[Sorry – link not working here, Feb 2011 – I’ll take a look when I can]
Managed to squeeze in some time to practice my 3d in Flash. I put together an example of an aeroplane on a flight path. It forms the basis of what might be done if we were to get the job of taking positional data from an aerobatic plane and putting it into Flash for some interactive experience. The company that I was talking to have put sensors in the planes to give back data such as position, speed, rotation in space, G forces etc We might have a go a taking these in live to a Flash based browser system.
This is what the test looked like. Click to go to the Flash version. Use the arrow keys to zoom in/out or pan left/right. I went on the Away3d talk with Rob Bateman a couple of weeks ago and this example is based heavily on the example code that he gave us; in this case the sky box, mixing textures etc. (I would thoroughly recommend the course, by the way). I spent a while looking around the web to understand the maths behind the Flash beziers. All the paths in Away3d are based on these quadratic splines. Each curve needs to have a start point, end point and a control point. The spline curves that I’m used to are the quadratic type and are a bit easier to manipulate (or at least I have the code from previous projects). I was struggling with the creation of the path, using the format,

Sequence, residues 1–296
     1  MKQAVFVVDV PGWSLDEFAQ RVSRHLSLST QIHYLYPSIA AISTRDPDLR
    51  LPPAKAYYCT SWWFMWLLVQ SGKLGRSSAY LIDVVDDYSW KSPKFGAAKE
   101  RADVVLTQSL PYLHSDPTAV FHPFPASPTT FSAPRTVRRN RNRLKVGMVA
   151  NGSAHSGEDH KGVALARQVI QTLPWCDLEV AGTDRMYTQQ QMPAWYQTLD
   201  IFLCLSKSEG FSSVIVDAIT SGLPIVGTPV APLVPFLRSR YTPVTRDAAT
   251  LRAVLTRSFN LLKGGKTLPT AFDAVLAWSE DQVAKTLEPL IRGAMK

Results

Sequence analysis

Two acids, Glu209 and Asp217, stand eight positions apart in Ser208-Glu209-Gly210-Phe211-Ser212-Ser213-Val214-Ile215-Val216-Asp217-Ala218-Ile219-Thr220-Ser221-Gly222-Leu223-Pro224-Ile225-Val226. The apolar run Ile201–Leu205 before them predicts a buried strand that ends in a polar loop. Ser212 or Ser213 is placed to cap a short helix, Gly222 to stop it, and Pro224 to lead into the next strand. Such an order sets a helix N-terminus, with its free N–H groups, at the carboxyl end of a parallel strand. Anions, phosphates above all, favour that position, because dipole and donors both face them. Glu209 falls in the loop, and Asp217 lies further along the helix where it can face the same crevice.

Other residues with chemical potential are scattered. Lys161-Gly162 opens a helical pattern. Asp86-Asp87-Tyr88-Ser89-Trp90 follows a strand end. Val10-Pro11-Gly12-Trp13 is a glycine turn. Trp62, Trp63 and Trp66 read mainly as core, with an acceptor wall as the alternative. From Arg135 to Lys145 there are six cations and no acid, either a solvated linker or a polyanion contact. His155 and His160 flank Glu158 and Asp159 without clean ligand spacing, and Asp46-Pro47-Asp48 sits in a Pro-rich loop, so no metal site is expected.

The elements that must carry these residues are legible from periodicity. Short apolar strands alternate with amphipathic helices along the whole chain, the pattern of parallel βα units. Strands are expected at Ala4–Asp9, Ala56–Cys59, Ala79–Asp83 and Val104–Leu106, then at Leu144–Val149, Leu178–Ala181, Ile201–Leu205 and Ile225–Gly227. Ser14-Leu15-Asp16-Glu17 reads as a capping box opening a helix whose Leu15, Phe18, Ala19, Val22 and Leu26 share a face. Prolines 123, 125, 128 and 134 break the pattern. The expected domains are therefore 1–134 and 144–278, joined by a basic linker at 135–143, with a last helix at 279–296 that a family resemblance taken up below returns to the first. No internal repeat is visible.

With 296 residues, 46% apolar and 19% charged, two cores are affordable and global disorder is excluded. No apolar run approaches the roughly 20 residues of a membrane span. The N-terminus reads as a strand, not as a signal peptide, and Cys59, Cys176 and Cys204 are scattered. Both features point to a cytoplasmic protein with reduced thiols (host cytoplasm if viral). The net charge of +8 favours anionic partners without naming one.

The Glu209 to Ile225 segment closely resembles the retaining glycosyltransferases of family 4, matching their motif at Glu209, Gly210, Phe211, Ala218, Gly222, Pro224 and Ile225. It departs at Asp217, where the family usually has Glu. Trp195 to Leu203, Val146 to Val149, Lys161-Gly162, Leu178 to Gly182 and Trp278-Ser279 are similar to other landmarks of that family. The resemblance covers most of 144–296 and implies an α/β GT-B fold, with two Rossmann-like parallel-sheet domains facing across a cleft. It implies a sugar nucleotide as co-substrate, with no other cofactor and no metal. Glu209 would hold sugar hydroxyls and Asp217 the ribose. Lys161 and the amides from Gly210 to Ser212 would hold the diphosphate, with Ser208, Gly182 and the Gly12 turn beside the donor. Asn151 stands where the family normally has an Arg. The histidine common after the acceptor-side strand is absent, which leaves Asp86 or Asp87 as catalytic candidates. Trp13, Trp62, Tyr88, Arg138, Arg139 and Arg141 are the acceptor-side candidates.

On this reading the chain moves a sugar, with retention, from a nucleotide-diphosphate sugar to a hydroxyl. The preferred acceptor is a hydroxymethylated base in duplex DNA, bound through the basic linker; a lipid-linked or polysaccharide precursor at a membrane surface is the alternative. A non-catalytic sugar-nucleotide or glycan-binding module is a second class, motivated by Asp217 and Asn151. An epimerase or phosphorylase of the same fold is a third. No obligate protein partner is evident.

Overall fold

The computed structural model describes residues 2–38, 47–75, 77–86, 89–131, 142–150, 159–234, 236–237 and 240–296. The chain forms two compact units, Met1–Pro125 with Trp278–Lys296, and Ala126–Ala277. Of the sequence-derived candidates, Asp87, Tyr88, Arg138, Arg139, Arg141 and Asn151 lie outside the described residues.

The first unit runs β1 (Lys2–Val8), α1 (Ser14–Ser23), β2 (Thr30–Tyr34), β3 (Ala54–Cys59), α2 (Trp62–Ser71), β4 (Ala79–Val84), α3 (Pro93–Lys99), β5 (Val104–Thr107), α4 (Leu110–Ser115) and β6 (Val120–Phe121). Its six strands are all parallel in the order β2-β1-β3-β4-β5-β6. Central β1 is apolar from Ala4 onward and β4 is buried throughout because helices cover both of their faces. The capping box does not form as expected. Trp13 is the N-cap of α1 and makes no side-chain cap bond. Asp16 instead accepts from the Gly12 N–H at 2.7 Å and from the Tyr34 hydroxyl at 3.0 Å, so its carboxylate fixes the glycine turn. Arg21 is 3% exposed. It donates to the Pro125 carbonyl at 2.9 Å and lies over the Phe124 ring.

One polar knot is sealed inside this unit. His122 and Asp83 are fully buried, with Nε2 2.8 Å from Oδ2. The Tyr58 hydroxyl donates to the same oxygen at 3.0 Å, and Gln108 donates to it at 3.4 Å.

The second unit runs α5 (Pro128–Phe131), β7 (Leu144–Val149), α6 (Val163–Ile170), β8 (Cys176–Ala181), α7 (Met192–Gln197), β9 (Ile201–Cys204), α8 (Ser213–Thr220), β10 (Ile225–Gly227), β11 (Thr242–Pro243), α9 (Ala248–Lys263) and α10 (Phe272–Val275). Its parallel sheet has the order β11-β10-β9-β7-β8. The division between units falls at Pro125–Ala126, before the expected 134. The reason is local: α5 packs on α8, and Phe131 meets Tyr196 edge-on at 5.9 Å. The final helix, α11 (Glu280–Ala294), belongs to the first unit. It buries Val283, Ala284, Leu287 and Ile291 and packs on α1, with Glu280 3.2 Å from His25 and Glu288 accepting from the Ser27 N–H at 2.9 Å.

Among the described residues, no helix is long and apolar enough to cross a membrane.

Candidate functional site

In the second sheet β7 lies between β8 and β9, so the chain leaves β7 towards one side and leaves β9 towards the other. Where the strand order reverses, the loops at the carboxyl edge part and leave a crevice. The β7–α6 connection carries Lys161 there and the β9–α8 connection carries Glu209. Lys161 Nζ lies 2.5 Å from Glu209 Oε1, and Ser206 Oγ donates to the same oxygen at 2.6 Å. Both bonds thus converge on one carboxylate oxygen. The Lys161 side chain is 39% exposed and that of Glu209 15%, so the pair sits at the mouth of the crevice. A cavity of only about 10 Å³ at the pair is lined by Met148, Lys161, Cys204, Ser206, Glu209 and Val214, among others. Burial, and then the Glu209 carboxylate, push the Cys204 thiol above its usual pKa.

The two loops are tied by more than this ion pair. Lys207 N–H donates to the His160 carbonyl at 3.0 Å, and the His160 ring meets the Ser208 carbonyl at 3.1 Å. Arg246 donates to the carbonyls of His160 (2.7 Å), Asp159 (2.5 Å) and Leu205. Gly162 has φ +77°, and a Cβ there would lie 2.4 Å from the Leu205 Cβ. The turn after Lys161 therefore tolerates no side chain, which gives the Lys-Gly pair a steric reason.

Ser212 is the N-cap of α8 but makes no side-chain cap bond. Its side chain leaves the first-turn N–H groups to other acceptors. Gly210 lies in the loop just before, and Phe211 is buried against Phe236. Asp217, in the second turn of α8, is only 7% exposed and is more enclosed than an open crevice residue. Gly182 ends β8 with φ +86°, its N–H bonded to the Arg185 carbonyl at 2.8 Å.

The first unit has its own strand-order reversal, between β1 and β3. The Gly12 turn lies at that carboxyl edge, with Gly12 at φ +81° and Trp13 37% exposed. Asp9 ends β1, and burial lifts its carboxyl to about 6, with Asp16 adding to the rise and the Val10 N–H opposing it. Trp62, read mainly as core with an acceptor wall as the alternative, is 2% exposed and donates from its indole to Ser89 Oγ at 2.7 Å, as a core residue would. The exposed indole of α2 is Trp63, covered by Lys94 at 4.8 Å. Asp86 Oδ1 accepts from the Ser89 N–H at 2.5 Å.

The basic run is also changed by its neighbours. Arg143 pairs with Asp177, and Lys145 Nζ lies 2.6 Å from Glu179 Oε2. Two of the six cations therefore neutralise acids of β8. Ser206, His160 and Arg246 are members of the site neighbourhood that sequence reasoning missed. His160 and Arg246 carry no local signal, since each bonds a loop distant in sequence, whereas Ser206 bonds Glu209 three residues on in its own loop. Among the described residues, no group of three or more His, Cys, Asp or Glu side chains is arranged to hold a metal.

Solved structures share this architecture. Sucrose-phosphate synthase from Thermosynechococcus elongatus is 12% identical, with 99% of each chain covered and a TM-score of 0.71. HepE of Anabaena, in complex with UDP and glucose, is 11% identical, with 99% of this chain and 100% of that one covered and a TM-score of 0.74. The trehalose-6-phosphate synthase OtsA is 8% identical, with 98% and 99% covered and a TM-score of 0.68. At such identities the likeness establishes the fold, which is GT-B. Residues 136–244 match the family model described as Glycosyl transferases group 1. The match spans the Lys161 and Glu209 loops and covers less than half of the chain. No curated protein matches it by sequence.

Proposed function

flightPath.push(new Number3D(0, -200, 0), new Number3D(200, -200, 0), new Number3D(500, -200, 0));
flightPath.push(new Number3D(500, -200, 0), new Number3D(600, -200, 0), new Number3D(1000, -200, -400));
flightPath.push(new Number3D(1000, -200, 0), new Number3D(1000, -200, 300), new Number3D(1000, -200, 500));
The last point of each curve is the first of the next, but I was definitely finding it hard to fill in control points based on the individual end points. It took me back to de Casteljau curves and drawing cubic splines and I spent a couple of days trying to work out the maths for the Flash quadratic curves. A useful page to help understanding is an old one from Timothée Groleau Eventually, however, I stumbled upon the the smoothing routine built into the Away3d library. Someone has obviously been there before. I must remind Rob to tell people about that. The lines then become easy; just define the end points and the smoothing fills in the rest,
flightPath.push(new Number3D(0, -200, 0), null, new Number3D(500, -200, 0));
flightPath.push(null, null, new Number3D(1000, -200, -400));
flightPath.push(null, null, new Number3D(1000, -200, 500));
The system will figure out to copy the last point from one curve to the first point in the next and will fill in the control point to suit. Phew. This is so much easier. When creating a flight path, just do,
trackPath = new Path(flightPath);
and everything works a treat. The plane is just a quick obj from 3dsMax. I’ll try and put a texture on it, if I get a moment. I need to work out how to do the banking angles next.